by Andy Morgan, Jan. 11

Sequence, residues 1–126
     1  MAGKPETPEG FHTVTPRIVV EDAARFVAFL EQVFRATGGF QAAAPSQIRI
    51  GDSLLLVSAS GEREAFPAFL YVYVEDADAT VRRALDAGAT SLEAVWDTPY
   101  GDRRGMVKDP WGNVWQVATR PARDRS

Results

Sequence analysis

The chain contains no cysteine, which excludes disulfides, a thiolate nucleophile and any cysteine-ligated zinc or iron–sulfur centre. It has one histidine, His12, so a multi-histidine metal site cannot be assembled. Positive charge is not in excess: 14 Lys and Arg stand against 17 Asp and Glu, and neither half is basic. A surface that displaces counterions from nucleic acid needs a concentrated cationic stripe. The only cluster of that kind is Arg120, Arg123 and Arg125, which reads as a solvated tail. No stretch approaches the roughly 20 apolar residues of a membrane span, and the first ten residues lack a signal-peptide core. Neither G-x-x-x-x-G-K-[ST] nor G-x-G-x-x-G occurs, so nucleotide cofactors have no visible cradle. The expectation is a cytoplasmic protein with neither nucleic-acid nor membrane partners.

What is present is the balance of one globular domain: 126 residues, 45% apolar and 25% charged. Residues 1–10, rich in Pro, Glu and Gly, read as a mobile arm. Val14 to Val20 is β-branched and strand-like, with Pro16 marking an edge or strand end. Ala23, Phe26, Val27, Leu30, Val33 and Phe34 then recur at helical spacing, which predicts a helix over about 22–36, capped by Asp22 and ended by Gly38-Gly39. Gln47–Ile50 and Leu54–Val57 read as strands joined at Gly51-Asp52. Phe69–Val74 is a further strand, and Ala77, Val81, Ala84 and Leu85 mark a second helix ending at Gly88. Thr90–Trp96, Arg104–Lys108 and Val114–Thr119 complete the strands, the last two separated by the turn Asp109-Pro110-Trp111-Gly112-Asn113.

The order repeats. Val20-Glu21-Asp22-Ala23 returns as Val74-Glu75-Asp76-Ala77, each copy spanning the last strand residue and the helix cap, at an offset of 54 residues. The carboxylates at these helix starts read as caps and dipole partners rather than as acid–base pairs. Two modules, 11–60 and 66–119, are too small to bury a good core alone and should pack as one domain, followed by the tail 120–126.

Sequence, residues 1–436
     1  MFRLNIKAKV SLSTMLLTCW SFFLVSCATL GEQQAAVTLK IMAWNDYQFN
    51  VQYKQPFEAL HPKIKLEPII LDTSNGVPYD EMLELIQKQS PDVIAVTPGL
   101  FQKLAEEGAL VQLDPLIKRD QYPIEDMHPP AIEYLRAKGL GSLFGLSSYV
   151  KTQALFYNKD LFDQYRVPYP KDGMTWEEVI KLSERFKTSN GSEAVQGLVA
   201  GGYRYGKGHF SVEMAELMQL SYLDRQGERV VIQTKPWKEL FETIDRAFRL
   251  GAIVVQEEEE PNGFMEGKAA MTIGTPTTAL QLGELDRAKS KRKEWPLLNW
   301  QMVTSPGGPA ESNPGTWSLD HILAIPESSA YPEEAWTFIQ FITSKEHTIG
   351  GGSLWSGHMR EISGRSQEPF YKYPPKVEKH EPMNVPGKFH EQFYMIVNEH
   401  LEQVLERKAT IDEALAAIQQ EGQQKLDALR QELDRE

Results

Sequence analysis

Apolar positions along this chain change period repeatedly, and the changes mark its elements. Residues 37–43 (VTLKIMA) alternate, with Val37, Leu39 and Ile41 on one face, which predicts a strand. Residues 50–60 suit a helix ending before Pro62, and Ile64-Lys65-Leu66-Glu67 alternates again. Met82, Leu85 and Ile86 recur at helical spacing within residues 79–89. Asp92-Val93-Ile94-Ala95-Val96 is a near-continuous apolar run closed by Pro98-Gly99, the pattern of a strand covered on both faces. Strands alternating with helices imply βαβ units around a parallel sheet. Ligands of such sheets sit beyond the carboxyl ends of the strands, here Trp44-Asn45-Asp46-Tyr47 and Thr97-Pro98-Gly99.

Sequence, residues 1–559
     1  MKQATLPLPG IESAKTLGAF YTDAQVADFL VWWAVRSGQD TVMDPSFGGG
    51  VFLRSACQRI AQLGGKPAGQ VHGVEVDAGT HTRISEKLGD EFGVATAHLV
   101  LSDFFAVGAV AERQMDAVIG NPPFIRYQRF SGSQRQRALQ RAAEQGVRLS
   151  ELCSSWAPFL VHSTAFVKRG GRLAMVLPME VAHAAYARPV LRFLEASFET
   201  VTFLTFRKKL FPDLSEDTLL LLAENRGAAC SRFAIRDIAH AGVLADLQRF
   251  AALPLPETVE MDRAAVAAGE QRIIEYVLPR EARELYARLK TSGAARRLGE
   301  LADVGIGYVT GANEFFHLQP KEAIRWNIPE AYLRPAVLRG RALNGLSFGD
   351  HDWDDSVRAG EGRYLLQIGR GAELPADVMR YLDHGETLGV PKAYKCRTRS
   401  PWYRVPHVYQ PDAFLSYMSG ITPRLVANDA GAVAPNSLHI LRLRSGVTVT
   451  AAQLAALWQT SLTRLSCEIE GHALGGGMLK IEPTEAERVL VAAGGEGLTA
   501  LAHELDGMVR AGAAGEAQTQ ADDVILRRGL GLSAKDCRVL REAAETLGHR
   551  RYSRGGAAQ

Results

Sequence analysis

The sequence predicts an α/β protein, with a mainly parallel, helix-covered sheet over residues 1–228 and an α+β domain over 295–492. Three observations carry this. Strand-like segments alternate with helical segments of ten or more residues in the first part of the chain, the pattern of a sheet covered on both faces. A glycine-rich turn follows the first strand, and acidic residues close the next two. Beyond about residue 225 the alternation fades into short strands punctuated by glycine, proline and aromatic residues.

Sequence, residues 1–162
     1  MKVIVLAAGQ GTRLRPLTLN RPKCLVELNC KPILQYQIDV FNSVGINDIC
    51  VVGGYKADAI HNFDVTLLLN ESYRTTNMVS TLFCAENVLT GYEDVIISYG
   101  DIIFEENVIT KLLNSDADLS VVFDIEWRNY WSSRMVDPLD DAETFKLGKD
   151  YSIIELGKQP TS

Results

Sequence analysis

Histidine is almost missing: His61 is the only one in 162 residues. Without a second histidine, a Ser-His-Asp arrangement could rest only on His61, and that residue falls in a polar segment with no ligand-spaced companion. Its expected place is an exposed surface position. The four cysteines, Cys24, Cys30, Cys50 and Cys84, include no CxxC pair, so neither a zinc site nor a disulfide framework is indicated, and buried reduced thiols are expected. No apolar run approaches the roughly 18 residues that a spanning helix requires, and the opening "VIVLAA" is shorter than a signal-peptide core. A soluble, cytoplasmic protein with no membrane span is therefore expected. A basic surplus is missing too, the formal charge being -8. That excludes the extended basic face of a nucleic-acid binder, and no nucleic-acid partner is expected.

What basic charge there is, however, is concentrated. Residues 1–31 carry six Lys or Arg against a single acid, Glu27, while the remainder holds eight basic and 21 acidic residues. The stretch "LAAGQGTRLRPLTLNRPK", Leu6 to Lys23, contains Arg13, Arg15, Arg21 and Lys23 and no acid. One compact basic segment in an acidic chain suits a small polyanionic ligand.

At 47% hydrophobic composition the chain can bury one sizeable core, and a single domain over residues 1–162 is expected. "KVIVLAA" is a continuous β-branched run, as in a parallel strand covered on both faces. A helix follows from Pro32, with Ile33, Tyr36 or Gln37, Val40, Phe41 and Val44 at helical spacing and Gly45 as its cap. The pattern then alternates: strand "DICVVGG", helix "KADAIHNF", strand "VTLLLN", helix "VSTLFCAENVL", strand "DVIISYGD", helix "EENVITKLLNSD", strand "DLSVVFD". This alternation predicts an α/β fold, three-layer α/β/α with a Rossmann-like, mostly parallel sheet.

The situation along the demarcation line that separates Islamist-held northern Mali from the south of the country is agonizingly confusing. The Malian army claim to have recaptured the strategic town of Douentza, while the Islamist claim the complete opposite. According their spokesperson, the bearded Sanda ould Boumama, the combined forces of AQIM, Ansar ud-Dine and MUJAO have pushed the Malian army back at least as far as the small town of Konna, if not further. Meanwhile France has mobilized some elite troops from a base in Chad and sent them to Sevaré, the town on the main east-west highway that serves as a transport hub for the Mopti region. The idea of Islamists capturing Mopti itself, Mali’s second largest city which is now dangerously close to the frontline, would be an A-grade nightmare not only for Mali but also for France and the international community. France has spent the last few months trying to persuade the US and the UN that need for action in northern Mali is urgent, without a great deal of success. There are also reports of an aerial bombardment of Konna although whether it was carried out by France or by Ukranian mercenaries isn't entirely clear.